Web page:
Nobody I know who is in an open or poly marriage or relationship lies to their kids about it. It's okay if none of you want to have open or polyamorous relationships. It's okay if you advise the OP that this seems like a terrible idea in her circumstances. But the part where y'all are armchair psychoanalyzing millions of people and getting it so horribly wrong is just not useful. IF you two decide the terms then it does not have to be expensive.
It only becomes expensive if both of you decide you hate each others guts. Just get divorced PS if you really do care for each other and it does show then counselling might help. If you are going to engage in some premeditated actions that will impact the family, maybe assess the child's needs too. I can't imagine this would work in one house or apartment.
Husband wants to stay married because we have a son and for legal and financial reasons If he wants to stay married he needs to act married. If he wants to date he needs to let you have a divorce. At first, we would meet for coffee. You don't waste time that way — you can tell instantly if there's any chemistry and you can quickly make your excuses if there isn't.
Once I took one look at the man through the cafe window and didn't go in. Alternatively, one man I found very attractive couldn't meet when I could — I think his wife was suspicious, so we couldn't take things further. The first couple of times I had sex, I felt a bit guilty. I do know what it's like to be cheated on — it happened to me during a previous relationship and it's not nice. But I carried on and learned to disconnect from the emotional side.
If I saw a wedding ring, I didn't let it put me off. In bed, my dates sometimes suffered from performance anxiety, due to guilt and nerves, probably.
Then a year ago I met someone whom I decided to see regularly, and I stopped using the website. We book into a posh hotel once a month for the afternoon and also meet for coffee or a night out. The sex is fantastic — uninhibited and adventurous.
It's not kind to compare but he can keep going for hours as opposed to the 10 minutes with my husband. It is an intentional way to evolve together, a way to create spaciousness in our connection while also maintaining a deep bond. Yesterday, I was talking to an acquaintance about my open marriage. She stated flatly "No one enters their marriage expecting they'll open it. Her concept of open marriage was that it was a patch job post "cheating"--a second best set up, built on the belief that passion fades, all relationships sour, and a series of necessary concessions have to be made, one of them being sex with other people.
Her thinking is fairly pervasive and a complete misread on most open marriages I know of. In my mind, the challenge of sustaining the vitality in long-term relationships lies in fostering the opposite qualities of passion versus stability, and wildness versus predictability. My interest lies in maintaining both ends of the spectrum, and openness in my marriage is one of the many tools I use to achieve this goal.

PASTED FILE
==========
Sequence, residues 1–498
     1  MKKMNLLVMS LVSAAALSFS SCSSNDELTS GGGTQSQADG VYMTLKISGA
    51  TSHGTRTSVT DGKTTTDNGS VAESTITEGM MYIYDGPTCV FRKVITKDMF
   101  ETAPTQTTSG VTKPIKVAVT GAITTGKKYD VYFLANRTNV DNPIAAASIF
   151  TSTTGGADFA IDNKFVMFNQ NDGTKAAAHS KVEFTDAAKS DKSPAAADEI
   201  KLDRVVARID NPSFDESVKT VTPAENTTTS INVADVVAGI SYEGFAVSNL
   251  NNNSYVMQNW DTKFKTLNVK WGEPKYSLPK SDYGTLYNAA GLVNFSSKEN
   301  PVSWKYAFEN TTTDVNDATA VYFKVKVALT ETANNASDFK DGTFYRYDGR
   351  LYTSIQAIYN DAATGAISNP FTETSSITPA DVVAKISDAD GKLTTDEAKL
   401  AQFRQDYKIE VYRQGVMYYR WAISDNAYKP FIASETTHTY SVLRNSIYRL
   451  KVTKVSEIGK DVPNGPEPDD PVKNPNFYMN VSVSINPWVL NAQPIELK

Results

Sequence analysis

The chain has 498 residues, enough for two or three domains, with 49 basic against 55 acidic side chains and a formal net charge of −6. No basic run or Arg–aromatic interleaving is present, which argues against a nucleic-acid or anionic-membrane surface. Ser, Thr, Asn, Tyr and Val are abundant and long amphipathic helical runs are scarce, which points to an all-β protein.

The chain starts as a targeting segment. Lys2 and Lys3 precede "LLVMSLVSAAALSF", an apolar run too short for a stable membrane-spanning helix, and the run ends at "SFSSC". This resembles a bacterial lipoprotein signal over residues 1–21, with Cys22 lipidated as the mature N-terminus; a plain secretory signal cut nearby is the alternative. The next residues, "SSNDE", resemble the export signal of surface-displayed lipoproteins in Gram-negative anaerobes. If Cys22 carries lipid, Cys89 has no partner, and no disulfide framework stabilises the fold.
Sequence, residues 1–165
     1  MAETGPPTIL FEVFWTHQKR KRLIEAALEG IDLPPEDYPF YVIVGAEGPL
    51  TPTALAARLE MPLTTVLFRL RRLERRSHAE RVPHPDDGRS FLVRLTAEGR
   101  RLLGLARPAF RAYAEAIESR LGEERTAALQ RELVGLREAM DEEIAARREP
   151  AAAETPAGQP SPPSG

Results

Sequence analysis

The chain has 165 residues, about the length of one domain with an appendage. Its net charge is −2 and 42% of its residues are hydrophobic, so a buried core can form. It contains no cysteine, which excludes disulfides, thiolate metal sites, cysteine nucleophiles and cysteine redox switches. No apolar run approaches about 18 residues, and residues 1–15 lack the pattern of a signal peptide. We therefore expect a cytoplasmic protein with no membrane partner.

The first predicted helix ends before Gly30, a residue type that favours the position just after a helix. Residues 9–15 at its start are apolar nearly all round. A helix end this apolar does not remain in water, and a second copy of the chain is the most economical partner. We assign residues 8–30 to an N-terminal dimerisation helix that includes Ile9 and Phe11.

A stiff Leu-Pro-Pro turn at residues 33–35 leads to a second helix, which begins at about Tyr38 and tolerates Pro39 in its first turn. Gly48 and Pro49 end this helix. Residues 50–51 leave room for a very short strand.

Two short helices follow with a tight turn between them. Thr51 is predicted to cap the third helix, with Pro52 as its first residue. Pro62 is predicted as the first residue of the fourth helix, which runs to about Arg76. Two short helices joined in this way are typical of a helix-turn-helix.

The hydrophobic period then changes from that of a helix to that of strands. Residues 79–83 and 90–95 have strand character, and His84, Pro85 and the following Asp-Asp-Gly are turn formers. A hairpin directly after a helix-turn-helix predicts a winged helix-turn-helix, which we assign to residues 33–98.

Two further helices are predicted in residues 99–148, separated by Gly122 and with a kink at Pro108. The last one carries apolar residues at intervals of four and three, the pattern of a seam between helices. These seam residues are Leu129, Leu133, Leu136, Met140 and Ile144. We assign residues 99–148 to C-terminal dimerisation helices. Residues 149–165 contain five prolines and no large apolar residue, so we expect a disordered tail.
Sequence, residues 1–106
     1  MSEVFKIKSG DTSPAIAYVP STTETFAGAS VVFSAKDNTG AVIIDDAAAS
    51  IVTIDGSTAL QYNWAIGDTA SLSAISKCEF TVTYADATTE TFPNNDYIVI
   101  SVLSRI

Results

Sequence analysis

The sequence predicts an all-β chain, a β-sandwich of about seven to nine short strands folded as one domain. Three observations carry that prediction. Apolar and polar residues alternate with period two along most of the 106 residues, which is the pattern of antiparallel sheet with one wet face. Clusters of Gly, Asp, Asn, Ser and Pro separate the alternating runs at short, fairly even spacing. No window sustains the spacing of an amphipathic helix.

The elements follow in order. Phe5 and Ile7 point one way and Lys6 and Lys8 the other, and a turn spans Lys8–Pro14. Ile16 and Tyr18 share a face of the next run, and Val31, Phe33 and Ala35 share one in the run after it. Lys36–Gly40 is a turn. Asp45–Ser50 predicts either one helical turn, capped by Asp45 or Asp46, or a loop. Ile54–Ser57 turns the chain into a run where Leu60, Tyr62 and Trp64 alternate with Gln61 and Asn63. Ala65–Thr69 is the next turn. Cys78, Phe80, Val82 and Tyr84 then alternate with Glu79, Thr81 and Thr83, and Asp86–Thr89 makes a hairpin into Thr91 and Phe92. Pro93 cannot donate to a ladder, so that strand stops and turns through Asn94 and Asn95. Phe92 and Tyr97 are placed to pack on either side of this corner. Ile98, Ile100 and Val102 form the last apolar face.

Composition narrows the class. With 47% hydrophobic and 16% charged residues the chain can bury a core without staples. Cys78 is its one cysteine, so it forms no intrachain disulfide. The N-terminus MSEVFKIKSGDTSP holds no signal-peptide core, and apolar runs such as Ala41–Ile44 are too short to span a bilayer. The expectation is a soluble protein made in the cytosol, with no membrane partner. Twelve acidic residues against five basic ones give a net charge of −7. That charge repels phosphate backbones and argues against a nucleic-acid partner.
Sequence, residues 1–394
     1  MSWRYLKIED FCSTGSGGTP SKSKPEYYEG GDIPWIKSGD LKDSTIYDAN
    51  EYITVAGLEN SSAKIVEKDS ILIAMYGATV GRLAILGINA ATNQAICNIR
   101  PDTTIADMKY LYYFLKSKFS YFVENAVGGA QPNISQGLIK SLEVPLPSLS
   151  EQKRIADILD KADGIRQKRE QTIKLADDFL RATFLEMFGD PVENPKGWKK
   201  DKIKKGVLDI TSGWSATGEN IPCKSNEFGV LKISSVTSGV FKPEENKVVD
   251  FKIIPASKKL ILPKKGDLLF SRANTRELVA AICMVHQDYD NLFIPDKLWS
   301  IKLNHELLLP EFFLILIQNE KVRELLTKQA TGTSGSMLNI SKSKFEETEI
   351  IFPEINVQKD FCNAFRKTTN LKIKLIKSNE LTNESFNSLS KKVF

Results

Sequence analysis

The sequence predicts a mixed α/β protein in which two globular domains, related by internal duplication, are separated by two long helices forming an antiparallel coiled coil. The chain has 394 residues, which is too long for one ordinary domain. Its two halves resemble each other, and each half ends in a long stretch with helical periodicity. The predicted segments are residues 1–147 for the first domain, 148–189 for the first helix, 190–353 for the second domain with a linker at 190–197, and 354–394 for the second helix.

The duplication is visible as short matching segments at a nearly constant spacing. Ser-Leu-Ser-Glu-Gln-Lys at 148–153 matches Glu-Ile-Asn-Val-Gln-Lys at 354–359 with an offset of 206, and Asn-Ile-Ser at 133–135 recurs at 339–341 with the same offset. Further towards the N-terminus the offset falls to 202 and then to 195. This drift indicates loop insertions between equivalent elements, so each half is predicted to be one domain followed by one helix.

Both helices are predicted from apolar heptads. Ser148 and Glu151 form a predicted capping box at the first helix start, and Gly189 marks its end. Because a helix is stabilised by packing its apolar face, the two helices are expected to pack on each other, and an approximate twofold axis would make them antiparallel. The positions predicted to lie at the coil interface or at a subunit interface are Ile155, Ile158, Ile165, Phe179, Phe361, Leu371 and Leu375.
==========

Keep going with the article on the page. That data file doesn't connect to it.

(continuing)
Experience: I'm married but sleep with other men
Every open marriage is different, just as monogamous marriages are varied. People have different philosophies and motivations. For me, I want the freedom to create a marriage based on my value system -- not someone else's. It's a delicate balance to create stability and excitement in a marriage. There is a tipping point for me; to make it work I need trust, clear agreements, and lots of communication.
I've often imagined if my house or phone were tapped by surveillance cops, they'd sit in a bored stupor listening to hours of my husband and I conversing about the nuance of our feelings, needs, fantasies, thoughts -- they'd surely beg for the "good old days" of surveilling the mafia. But it is this nuanced conversation that keeps my marriage fresh. Recently, my husband and I discussed what we would "allow" each other on separate upcoming business trips.
Do Open Marriages Work? How Dating Other People Brings Me Closer To My Husband | HuffPost Life
After nearly an hour of checking in on how we both felt, the general state of our marriage, if the majority of our needs were being met sexually, emotionally, astrologically kiddingwe both agreed that we weren't connected enough currently.
What we really needed was a vacation together. The timing of our trips wasn't good for us -- and if we "hooked up" with other people, it could potentially cause hurt feelings. I only take calculated risks in my marriage. I am all about checking if there's water in the pool before doing a spectacular high dive.
People have said to me, "Open marriage seems like so much work! I couldn't be bothered to put so much time into an open marriage. When you love something, you spend time caring for it.
Aristotle said, "We are what we repeatedly do.